A new era for child protectionBMJ 2010; 340 doi: https://doi.org/10.1136/bmj.c2572 (Published 13 May 2010) Cite this as: BMJ 2010;340:c2572
- Fiona Godlee, editor, BMJ
Child protection is probably one of the most difficult walks of medical life. A quick look at the career of paediatrician David Southall would certainly suggest so. Removed from his academic post in 1997 after complaints about the ethics of his research into “Munchausen syndrome by proxy”, banned from child protection work in 2004 for alerting the police to his suspicions about the deaths of Sally Clark’s two sons, and struck off the medical register in 2007 for allegedly accusing a mother of killing her son, Southall’s high profile battle could alone explain why paediatricians shun child protection work and why courts struggle to find doctors willing to serve as expert witnesses in child abuse cases.
But things may be about to change for Southall and for child protection. Following quickly on an appeal court ruling that he should be restored to the UK’s medical register, a new team at the General Medical Council announced an expert group to review its guidance for paediatricians who do child protection work (doi:10.1136/bmj.c2551).
In her interview with Southall (doi:10.1136/bmj.c2551), Clare Dyer suggests other factors that have helped to turn the tide, in particular the case of Baby P, who died days after a paediatrician failed to spot serious injuries due to parental abuse. Dyer points out the irony that this paediatrician, accused of not being vigilant enough, is represented by the same barrister as David Southall, accused of being overvigilant.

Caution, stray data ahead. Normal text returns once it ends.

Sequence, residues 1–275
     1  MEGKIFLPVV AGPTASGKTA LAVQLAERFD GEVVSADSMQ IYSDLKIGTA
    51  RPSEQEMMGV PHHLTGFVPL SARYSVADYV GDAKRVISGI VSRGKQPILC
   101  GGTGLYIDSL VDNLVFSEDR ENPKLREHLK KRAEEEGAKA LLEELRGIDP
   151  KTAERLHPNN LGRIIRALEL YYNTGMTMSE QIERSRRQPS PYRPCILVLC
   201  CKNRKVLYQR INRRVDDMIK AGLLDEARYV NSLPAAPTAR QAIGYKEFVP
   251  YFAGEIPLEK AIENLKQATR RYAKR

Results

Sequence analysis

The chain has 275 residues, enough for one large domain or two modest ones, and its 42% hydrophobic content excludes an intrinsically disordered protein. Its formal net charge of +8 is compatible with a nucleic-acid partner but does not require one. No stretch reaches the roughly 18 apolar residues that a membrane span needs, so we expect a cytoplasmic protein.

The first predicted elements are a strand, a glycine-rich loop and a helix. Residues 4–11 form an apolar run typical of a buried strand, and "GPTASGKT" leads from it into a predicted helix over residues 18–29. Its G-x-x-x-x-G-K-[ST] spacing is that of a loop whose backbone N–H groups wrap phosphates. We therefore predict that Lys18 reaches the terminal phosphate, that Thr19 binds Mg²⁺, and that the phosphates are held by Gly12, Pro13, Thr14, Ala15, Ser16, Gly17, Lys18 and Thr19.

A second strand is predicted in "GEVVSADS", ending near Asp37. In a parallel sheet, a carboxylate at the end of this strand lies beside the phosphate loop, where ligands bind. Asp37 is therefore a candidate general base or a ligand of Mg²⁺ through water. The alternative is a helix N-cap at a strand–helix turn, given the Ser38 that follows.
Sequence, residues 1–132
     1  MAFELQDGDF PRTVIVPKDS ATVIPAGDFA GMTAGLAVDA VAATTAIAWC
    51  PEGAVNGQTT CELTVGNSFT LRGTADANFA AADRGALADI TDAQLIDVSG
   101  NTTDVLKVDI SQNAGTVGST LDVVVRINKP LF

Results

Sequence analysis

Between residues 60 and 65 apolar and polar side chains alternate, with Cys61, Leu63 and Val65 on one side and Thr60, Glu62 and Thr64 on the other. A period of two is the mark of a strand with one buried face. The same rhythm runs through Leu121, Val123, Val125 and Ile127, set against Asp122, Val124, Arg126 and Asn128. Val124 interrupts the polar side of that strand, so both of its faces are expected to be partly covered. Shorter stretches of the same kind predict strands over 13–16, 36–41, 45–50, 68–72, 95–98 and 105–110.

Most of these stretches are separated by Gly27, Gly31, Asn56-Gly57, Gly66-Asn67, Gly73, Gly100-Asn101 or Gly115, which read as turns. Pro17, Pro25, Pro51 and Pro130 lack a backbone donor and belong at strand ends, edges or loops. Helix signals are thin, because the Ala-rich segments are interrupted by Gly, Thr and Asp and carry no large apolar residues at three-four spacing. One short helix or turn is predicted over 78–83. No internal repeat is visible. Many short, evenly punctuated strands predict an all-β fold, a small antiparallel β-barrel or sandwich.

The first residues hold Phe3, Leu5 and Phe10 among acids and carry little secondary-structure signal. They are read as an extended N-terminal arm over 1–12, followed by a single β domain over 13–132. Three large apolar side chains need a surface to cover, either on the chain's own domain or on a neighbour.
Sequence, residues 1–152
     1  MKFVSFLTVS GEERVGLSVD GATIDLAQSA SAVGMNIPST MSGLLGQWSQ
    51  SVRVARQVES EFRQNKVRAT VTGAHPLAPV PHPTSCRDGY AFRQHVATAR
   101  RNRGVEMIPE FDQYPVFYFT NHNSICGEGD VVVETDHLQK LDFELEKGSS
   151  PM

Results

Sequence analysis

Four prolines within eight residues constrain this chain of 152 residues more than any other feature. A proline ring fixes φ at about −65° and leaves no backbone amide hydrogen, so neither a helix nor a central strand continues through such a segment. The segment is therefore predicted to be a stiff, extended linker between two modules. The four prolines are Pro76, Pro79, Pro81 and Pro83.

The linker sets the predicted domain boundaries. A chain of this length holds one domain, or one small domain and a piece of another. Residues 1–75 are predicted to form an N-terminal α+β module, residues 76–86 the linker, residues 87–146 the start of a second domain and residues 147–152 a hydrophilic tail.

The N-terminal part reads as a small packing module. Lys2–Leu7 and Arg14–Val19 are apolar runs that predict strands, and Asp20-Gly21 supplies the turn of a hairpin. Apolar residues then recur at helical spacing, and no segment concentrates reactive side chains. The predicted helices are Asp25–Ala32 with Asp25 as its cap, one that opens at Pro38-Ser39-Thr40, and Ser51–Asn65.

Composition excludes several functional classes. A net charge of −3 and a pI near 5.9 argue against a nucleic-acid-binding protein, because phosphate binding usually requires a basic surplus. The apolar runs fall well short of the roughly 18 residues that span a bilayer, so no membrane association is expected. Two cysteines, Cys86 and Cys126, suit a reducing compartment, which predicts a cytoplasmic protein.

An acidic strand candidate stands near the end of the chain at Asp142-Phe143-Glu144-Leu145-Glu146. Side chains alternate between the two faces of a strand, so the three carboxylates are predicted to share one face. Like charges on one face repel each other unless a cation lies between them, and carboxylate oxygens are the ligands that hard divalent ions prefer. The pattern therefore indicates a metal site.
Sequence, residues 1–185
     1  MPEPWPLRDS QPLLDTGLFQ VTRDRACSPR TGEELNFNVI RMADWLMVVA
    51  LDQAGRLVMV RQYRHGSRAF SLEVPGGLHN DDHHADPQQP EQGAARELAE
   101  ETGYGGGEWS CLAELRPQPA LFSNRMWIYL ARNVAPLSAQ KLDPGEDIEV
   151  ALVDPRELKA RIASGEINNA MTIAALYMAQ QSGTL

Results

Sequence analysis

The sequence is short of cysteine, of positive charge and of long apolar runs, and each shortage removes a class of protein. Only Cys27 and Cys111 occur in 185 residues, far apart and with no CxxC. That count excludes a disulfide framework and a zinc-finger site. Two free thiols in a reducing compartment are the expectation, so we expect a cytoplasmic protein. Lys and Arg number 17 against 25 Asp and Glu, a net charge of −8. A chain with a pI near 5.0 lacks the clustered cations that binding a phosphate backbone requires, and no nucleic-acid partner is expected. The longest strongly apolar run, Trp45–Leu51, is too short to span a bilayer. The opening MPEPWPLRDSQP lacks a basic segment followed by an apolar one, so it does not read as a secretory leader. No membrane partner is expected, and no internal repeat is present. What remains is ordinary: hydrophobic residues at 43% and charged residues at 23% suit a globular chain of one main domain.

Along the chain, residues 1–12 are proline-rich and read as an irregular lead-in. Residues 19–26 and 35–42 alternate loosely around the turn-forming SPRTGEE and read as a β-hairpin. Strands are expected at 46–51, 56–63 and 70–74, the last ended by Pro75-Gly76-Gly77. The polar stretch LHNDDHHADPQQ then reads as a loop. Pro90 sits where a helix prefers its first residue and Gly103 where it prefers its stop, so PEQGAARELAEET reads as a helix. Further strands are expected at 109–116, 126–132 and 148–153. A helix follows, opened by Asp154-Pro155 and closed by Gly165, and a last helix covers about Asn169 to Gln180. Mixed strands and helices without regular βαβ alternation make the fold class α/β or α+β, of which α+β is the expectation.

Helping doctors get this balance right is just one of the GMC’s ongoing challenges. Others are its own much needed modernisation and overseeing the introduction of revalidation. Given all this, will the new team at the GMC have an appetite for regulating medical students as well? Jane Dacre and Peter Raven think that they should (doi:10.1136/bmj.c1677). They argue that medical schools vary in their interpretation of GMC guidance and that fairness and consistency will only come with central registration. But Edward Davies thinks this would be an expensive overreaction to the small number of medical graduates who cause concern each year (doi:10.1136/bmj.c1806).
Dacre and Raven cite evidence that substantial numbers of doctors whose conduct has been investigated by the regulators have had performance or behavioural problems in medical school. But what types of student and what types of behaviour are most predictive of future problems? Janet Yates and David James have sought to shed light on this question. They reviewed the records of 59 doctors who graduated between 1958 and 1997 and were later found guilty of serious professional misconduct by the GMC. Compared with controls these doctors were more likely to be male, from lower socioeconomic background, and to have had early academic difficulties at medical school (doi:10.1136/bmj.c2040).
The authors urge caution in interpreting this small study. Meanwhile, in her editorial, Alison Reid unearths what for me is the real challenge (doi:10.1136/bmj.c2169). “In many faculties, academic achievement trumps problems in non-academic areas”. But how good are medical schools at dealing with bright students who are just not cut out to be doctors?
Cite this as: BMJ 2010;340:c2572